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The Creative Underground and Bessie Smith Cultural Center presents James Weldon Johnson’s God’s Trombones: Seven Negro Sermons in Verse on Sunday, February 9, 2014 at 6:00 pm.
God’s Trombones: Seven Negro Sermons in Verse is a 1927 book of poems patterned after traditional African American religious oratory. Johnson observed an absence of attention in folklore studies to what he called a “folk sermon,” then went on to describe its nature and specific examples from his memory:
“I remember hearing in my boyhood sermons that were current, sermons that passed with only slight modifications from preacher to preacher and from locality to locality. Such sermons were: ‘The Valley of Dry Bones,’ which was based on the vision of the prophet in the 37th chapter of Ezekiel; the ‘Train Sermon,’ in which both God and the devil were pictured as running trains, one loaded with saints, that pulled up in heaven, and the other with sinners, that dumped its load in hell; the ‘Heavenly March,’ which gave in detail the journey of the faithful from earth, on up through the pearly gates to the great white throne. Then there was a stereotyped sermon which had no definite subject, and which was quite generally preached; it began with the Creation, went on to the fall of man, rambled through the trials and tribulations of the Hebrew Children, came down to the redemption by Christ, and ended with the Judgment Day and a warning and an exhortation to sinners.”
Tickets are $10 and can be purchased at the Bessie Smith Cultural Center or from any member of the Creative Underground beginning January 10, 2014.
Fine Art of Jazz Opens at the Bessie Smith Cultural Center
The Bessie Smith Cultural Center along with Jazzanooga will celebrate Jazz Appreciation Month by hosting The Fine Art of Jazz, an exhibition showcasing the names and faces synonymous with the Kansas City tradition of American jazz. The exhibition will open April 7, 2014 and run through May 24, 2014 in our museum galleries.
Charlie Parker. Pete Johnson. Mary Lou Williams. Count Basie. Jay McShann. Booker Washington.
These and many more musicians and vocalists associated with Prohibition-era jazz found a welcome home in Kansas City nightclubs, bustling with crowds eager for the entertainment. The Roaring 20s saw local and out-of-town musicians forge a distinctive Kansas City style of jazz as they enjoyed the camaraderie of all-night jam sessions with boisterous, noisy clubs as the backdrop. Many of the musicians who got their start in Kansas City’s jazz hub became household names across the nation in the 1930s and 1940s as jazz exploded in popularity, but the genesis of the movement also left its mark forever on the Kansas City music scene. Today the tradition jams on, with clubs across the city featuring jazz nightly.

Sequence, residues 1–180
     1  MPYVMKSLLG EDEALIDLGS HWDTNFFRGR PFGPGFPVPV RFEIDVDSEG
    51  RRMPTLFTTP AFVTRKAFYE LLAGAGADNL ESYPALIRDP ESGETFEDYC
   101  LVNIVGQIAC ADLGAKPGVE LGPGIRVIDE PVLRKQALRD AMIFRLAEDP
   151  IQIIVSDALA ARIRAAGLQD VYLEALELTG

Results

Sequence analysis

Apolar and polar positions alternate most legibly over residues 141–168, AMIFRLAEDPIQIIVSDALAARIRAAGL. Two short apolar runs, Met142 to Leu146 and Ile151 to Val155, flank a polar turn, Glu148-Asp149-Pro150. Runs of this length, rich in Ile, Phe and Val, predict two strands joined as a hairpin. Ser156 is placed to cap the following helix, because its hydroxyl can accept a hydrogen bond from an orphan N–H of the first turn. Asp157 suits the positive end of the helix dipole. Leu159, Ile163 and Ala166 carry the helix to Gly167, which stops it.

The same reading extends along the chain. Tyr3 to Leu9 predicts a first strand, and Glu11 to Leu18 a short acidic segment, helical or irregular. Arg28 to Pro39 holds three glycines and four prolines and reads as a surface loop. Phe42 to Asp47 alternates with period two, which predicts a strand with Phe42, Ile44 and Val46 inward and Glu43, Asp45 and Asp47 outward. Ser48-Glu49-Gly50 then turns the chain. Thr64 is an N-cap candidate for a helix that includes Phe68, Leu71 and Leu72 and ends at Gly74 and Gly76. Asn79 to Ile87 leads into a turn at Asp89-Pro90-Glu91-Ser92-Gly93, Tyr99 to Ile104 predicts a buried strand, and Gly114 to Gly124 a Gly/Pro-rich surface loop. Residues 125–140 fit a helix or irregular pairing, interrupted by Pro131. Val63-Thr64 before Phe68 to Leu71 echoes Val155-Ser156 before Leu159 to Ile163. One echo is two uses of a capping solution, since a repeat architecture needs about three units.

It is this mixture of activity, tenacity and nostalgic charm that moved Pulitzer Prize winner Dan White to spend almost 20 years photographing and interviewing renowned jazz musicians.
“I began photographing jazz musicians in 1987, hoping to create a visual record of these talented artists and to help preserve Kansas City’s tradition as a birthplace of jazz,” White says. “I’d been listening, watching and talking to those in the local jazz scene for quite some time. They were very open to passing along their knowledge and traditions with anyone who shared their love of the music; I wanted to capture some of this feeling before it slipped away. Players like Rusty Tucker, Speedy Huggins, Milt Abel and Pearl Thuston. They had a certain sound. When they were on, there was nothing like it. I’ve shot more than 50 portraits of these players and singers over the past twenty years. It’s a good feeling to have captured part of Kansas City’s history.”
The result of White’s work is a series of 50 black-and-white portraits of Kansas City jazz musicians and vocalists, complete with commentary from exhibition curator Chuck Haddix, co-author of Kansas City Jazz: From Ragtime to BeBop – A History.
The exhibition is organized and toured by ExhibitsUSA, a national program of Mid-America Arts Alliance. ExhibitsUSA sends more than 20 exhibitions on tour to more than 100 small- and mid-size communities each year. Mid-America is the oldest nonprofit regional arts organization in the United States. More information is available at www.maaa.org and www.eusa.org.
Dan White, Elmer Price, 1989, archival print, 24 x 24 inches, courtesy the artist. © Dan White.
Purchase tickets for the Bessie Smith Cultural Center’s 30th Anniversary Luncheon to be held on Tuesday, February 4, 2014, 11:30 am at the Doubletree Hotel with guest speaker Judy Smith by clicking HERE or copy and paste the following link:
An evening of romance, dancing and silky smooth ballads is planned for Sunday, March 30, 2014 at the Bessie Smith Cultural Center located at 200 E. Martin Luther King Boulevard. Doors open at 6 pm. This Songbook will feature Karen Brown along with the Joe Johnson band out of Nashville, TN. Brown will serenade the audience with some of your favorite love songs.
Tickets for Song-book: Love Songs are $20. Cash bar will also be available. Tickets may be purchased at the Bessie Smith Cultural Center, charge by phone at (423) 266-8658 or online via the following link
https://songbookkaren.eventbrite.com (there is a service fee to purchase online)
Take advantage of our Songbook Ticket Special!!!
One ticket to Songbook: Karen Brown on March 30th and One ticket to Songbook: Euge Groove on April 19th for $40. Limited amount of tickets available for this special. Purchase at the Bessie, charge by phone at (423) 266-8658 or online via the following link https://songbookpass.eventbrite.com (there is a service fee to purchase online)
Songbook is made possible with funding from ArtsBuild and a grant from the Tennessee Arts Commission